Workshops and Presentations for Parents, Educators and Counselors
Stephanie S. Tolan, Writer, Educator and Consultant
Since co-authoring Guiding the Gifted Child in 1982, Mrs. Tolan, playwright,
author of 23 books, and the mother of an exceptionally gifted son, has become a
highly regarded and passionate crusader for the rights of gifted and creative
children and adults. Speaking to educators, counselors and parents at international,
national, state and regional conferences, she has also written journal articles,
textbook chapters and a column (The Reading Room) in the original Understanding Our
Gifted. She is a contributing editor of Roeper Review, a
senior fellow of the Institute for
Educational Advancement, and a consultant to parents of highly gifted
children and prodigies.
Lectures/Conference Keynotes/Conference Sessions
Conference Keynotes or Sessions or Lectures with Q & A, can be structured according to the needs of the presenting group.
Typical recent titles: "The Necessary Other"; "The Problem of Pain"; "What Happens When The Gifted Don't Get What They Need?"; "On Beyond Intellect"; "Gifted Creatives"; "Parents As Gifted Ex-Children"; “Education for a New Millennium, Recognizing Whole Mind”; “Change Your Story, Change Your Life--Helping Gifted Children and Ourselves”
Who Are the Gifted?
Meeting Social, Emotional and Educational Needs
Recognizing the Gifted Child
The definition of giftedness as "asynchronous development" will be explained and utilized as a way of identifying and discerning the needs of children whose behavior and levels of achievement may be variable and not always readily seen as fitting the "gifted" mold.
Among the issues discussed are finding true peers, socializing with children of different interests and intellectual capacities, and dealing with the complex sibling issues in gifted families.
Unusual intensity, advanced levels of moral and spiritual reasoning and the internal asynchrony caused by different levels of social, emotional, intellectual and physical development are considered, and coping strategies offered. Self-esteem and empowerment are critical issues in this discussion. The recent "pathologizing" of the gifted is discussed along with the difficulties in distinguishing the "normal" behaviors and challenges of unusually bright children (referring to the "Overexcitabilities" identified by Dabrowski) from such apparent disabilities as ADD/ADHD, autism, Asperger's Syndrome, Sensory Integration Disorder, OCD, and Social Anxiety Disorder.
Parental responsibility for education choices is essential in gifted families. Acceleration, enrichment, summer programs, distance learning via the internet, and home schooling are options to be considered. Schools with or without gifted programming can offer opportunities with a reasonable commitment to flexibility and adaptability. Suggestions are offered for teamwork between parents and school.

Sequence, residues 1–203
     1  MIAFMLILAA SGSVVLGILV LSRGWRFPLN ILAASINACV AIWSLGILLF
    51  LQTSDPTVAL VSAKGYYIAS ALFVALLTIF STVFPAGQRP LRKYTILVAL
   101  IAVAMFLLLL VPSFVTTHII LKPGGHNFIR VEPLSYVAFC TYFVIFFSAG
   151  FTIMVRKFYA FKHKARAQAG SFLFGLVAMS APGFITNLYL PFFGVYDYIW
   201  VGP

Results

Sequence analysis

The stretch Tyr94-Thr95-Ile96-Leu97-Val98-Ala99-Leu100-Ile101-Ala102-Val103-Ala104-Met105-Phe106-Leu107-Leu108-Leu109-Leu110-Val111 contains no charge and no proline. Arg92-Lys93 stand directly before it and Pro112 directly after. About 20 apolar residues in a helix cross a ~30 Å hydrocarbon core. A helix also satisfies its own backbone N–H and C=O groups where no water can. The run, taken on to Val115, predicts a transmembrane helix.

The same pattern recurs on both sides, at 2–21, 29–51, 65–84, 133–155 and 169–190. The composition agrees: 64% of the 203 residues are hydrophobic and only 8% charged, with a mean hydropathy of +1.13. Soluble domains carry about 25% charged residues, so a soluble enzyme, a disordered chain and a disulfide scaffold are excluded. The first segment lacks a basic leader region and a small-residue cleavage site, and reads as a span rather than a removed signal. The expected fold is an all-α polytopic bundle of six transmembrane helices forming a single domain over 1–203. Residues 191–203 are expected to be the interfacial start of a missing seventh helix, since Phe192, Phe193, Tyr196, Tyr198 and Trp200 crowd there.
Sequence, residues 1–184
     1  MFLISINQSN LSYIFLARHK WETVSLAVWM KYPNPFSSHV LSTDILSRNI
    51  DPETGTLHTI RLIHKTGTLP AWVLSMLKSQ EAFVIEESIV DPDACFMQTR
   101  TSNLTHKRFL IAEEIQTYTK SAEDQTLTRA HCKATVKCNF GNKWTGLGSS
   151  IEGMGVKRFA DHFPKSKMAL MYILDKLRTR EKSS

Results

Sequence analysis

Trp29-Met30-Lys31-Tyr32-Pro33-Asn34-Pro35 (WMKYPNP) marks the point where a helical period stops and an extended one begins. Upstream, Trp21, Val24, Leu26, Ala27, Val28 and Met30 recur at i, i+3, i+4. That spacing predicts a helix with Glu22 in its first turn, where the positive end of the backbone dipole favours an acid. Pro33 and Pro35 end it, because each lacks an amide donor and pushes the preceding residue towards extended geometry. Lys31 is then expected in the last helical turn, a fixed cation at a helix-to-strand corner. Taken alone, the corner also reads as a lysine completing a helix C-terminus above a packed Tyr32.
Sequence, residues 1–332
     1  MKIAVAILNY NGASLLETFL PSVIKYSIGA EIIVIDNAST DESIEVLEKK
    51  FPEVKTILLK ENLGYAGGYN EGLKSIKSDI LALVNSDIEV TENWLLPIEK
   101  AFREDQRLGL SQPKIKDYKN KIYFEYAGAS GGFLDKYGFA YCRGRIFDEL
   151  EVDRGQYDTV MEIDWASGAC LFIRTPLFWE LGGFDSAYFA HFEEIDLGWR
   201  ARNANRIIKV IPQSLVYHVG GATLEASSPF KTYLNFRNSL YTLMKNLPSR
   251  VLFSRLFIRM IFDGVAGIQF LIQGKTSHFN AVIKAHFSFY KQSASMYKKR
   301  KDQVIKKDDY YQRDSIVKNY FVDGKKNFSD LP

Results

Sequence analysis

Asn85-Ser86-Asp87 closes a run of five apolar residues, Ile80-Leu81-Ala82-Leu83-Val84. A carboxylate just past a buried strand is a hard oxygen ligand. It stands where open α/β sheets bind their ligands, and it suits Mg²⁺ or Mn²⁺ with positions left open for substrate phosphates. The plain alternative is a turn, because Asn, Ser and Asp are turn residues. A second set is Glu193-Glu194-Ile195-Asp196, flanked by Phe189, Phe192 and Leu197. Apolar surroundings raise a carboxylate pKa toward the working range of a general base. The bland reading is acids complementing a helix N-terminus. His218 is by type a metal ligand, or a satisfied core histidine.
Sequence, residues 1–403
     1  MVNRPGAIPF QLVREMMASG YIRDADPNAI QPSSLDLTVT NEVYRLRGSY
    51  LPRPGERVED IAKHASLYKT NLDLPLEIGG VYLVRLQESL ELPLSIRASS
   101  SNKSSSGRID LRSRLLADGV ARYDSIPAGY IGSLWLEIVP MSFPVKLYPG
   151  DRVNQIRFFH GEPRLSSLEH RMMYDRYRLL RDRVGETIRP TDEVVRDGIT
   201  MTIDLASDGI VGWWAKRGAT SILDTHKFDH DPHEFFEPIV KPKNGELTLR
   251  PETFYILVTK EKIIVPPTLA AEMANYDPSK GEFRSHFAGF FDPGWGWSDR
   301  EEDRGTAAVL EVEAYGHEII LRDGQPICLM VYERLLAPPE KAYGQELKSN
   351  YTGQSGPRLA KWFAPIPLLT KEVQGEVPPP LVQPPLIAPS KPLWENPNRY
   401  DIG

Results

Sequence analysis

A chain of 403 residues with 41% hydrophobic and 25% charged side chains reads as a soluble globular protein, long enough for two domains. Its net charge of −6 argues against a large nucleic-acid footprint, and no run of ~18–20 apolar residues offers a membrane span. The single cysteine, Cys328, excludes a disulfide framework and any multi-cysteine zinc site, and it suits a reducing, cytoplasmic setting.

The Highly/Profoundly Gifted
This population is both small and unique. As such, it is also the least understood and the least served. Special problems are discussed, including isolation, alienation and schooling issues. Attention is paid not only to the cognitive and intellectual aspect of these unusual minds, but to the children's ability to access other aspects of human consciousness and the importance of providing support for all the components of their mental processing.
All adolescents face the tasks of developing a sense of personal identity, relating to peers, and separating from parents. The necessary developmental tasks can be more complex and more difficult for the gifted population. Discussion focuses on problems and strategies.
Workshops for parents cover all areas listed with time allotted for questions and sharing on each subject. Issues of concern outside of those listed can be considered at the request of participants.
Workshops for Educators can include any subjects listed. Additional subjects may include using literature with gifted students, special needs of highly creative or visual/spatial learners, and special educational alternatives for the highly gifted.
All workshops can be tailored to the needs of participants.
Presenting group may focus a half day workshop by choosing two or three subject areas.
Two hour lectures can be structured according to the needs of the presenting group. Typical recent titles: "The Necessary Other"; "The Problem of Pain"; "What Happens When The Gifted Don't Get What They Need?"; "On Beyond Intellect"; "Gifted Creatives"; "Parents As Gifted Ex-Children"
Responses of Previous Participants
"Mrs. Tolan may literally have saved our son's life." -- a father in Kentucky
"Tolan described our daughter so well we thought she must have met her. She gave us the courage to put her needs first." -- a teacher/mother in Iowa
"After hearing Mrs. Tolan speak, we moved our underachieving daughter to a new school and she is working -- and happy -- at last. -- a mother in Massachusetts
"Mrs. Tolan opened the eyes and hearts of many teachers in our district to the special needs of this population and gave them methods for meeting those needs. Our job is now to see that those methods are put into operation." -- an administrator in Vermont
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